If a prolonged, enforced retreat from life is not the right way to fight this disease, what is? Until a vaccine is developed, I recommend the following five measures.
1. Voluntary social distancing with cocooning: It is necessary — and critical for high risk groups — to be vigilant about minimizing the risk of viral spread. Each individual and institution should take specific actions, consistent with their own hierarchy of values, to not be an unwitting host to a virus that may damage themselves or others. Specific clusters of vulnerable populations such as nursing homes should be cocooned from everyday life to greatly minimize their chances of exposure. When social distancing is mandated by law it should exist for as short as possible of a time frame and to allow as much flexibility to individuals as possible.
2. Hospital preparedness: To meet the demand of the expected surge of patients, resources should be directed to expand hospital capacity. While many of these activities will take months to scale-up, the pandemic will likely continue for a year or more. Some activities that can be started now can be expected to have an impact in the days or weeks, others will benefit us months from now. Among the measures the federal government with state, local, and private partners should begin immediately are constructing new hospitals, reopening recently closed hospitals, and using alternative care sites. The federal government, again in collaboration with private partners, must also quickly scale up the production of mechanical ventilators and personal protective equipment (PPE) for healthcare workers.
3. Diagnostics: To allocate scarce medical resources and to make informed decisions about social distancing in different communities, we need to do dramatically more diagnostic testing across the country. Towards this end, we should stop requiring all tests to go through comprehensive testing to be considered ‘CLIA-waived’ and suitable for use at the point-of-care. If a test can be reasonably performed at the point-of-care, it should be granted that status. There also exists, at this time, home diagnostic testing technology for influenza that can provide results for patients at the point-of-care in their own home. Though not yet approved, it can be adapted to test for the novel coronavirus and quickly made available. Such testing will help individuals infected with the virus to know their status and self-isolate. Such home diagnostic technology can also provide knowledge of community disease prevalence. Performance of serological testing to determine extent of infection and the level of immunity in a community is also a priority activity.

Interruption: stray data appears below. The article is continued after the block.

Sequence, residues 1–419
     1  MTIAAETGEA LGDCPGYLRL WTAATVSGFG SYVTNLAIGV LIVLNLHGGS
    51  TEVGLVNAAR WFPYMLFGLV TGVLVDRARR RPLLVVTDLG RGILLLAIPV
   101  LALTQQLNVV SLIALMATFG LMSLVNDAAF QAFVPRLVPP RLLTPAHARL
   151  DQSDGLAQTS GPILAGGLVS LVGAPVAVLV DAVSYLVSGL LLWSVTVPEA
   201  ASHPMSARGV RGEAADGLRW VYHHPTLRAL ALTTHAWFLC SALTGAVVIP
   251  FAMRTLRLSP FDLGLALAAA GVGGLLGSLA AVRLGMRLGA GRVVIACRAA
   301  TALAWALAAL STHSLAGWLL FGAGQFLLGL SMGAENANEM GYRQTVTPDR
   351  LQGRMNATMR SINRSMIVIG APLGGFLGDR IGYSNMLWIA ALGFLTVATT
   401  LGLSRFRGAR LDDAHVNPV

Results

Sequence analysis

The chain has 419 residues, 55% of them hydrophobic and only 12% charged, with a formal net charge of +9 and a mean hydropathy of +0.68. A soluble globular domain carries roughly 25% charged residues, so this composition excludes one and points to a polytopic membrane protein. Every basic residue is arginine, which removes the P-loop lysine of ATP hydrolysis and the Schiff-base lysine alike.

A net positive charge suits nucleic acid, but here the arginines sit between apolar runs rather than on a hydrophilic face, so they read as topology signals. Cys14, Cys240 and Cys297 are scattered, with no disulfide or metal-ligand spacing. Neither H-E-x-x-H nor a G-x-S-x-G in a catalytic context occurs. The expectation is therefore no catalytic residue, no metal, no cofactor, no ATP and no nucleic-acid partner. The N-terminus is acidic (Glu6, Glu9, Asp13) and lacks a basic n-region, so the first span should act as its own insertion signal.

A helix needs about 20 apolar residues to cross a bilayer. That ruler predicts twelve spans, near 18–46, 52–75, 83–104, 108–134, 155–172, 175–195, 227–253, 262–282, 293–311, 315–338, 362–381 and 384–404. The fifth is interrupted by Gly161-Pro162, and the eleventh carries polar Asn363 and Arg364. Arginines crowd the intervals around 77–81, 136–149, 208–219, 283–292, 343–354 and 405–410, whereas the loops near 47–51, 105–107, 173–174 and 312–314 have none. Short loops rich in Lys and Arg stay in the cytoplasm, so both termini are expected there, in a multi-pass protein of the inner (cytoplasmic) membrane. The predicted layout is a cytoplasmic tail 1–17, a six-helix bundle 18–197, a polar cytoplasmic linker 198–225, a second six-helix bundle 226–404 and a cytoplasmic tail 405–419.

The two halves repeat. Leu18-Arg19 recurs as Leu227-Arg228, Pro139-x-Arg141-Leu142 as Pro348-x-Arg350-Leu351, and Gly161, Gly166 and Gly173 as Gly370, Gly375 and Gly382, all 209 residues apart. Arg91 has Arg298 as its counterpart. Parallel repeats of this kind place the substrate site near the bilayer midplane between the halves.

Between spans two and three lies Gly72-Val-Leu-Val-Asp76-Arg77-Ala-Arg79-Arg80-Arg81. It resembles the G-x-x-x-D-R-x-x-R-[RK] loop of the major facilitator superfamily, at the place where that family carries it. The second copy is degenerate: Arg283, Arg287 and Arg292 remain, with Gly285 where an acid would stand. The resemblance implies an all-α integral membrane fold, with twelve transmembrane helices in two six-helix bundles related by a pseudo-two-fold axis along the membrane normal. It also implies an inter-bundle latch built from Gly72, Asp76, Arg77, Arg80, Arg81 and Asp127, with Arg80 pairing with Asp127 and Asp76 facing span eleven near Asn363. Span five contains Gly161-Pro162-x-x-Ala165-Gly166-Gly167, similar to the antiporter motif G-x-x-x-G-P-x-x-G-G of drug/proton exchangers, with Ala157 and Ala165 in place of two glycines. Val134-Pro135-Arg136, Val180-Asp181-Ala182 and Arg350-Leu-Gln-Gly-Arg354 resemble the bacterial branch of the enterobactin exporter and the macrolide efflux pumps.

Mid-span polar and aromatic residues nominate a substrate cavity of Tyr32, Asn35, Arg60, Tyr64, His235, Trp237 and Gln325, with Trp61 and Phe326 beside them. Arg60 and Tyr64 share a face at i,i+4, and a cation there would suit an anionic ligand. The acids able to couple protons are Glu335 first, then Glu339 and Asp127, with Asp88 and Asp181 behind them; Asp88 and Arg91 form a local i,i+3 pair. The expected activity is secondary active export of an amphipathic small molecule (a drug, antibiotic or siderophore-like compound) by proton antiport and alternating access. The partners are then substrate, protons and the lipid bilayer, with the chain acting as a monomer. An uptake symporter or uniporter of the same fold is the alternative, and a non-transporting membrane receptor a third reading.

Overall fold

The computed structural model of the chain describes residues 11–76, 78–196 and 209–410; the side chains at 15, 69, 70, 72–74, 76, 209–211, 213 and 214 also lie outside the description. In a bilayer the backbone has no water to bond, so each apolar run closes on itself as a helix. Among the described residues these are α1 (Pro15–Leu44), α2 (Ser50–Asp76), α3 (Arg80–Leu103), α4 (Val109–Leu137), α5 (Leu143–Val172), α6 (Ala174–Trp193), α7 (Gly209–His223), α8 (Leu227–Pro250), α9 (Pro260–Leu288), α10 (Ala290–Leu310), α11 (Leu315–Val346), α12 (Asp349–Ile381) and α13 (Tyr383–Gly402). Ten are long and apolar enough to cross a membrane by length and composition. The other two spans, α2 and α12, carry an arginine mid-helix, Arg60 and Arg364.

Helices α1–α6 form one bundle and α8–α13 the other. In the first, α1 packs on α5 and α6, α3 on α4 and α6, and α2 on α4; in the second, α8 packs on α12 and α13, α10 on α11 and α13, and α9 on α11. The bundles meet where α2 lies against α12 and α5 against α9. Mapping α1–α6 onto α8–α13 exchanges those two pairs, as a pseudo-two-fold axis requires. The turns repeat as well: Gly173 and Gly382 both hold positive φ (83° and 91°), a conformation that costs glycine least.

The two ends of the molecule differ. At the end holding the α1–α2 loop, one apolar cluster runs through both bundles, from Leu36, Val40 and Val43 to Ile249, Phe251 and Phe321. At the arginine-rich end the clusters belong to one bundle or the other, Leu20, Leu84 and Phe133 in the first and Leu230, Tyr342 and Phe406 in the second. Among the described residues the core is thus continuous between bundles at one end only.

4. Healthcare worker augmentation: The potential shortage of healthcare workers can be partially alleviated by immediately expanding the scope of practice of nurse practitioners, nurse anesthetists, physician assistants, paramedics, pharmacists, psychologists, and emergency medical technicians. Currently, a patchwork of disparate regulations occurs in states and it is long since past due that these medical professionals be able to practice to the full extent of their training and ability. It is also important for states to extend healthcare worker license reciprocity across all 50 state lines.
5. Right to Try: As new medical countermeasures are developed for COVID19, it is crucial that they be studied in rigorous randomized control trials to determine their efficacy and safety. However, individuals’ right to try such drugs or vaccines and physicians’ right to prescribe them prior to full approval should not be abridged. “Right to try” should immediately be expanded to COVID19-related products.
The days ahead will be difficult for every American and especially so for healthcare workers. However, the answer to this challenge is not to shrink back in panic but to take decisive action to fight the pandemic, while continuing to lead our lives. In the past infectious diseases claimed more lives per capita than are projected to be at risk from this pandemic, but humans rarely responded by retreating from activity. In the years when smallpox ravaged the planet and rubella crippled babies, humans went to the moon.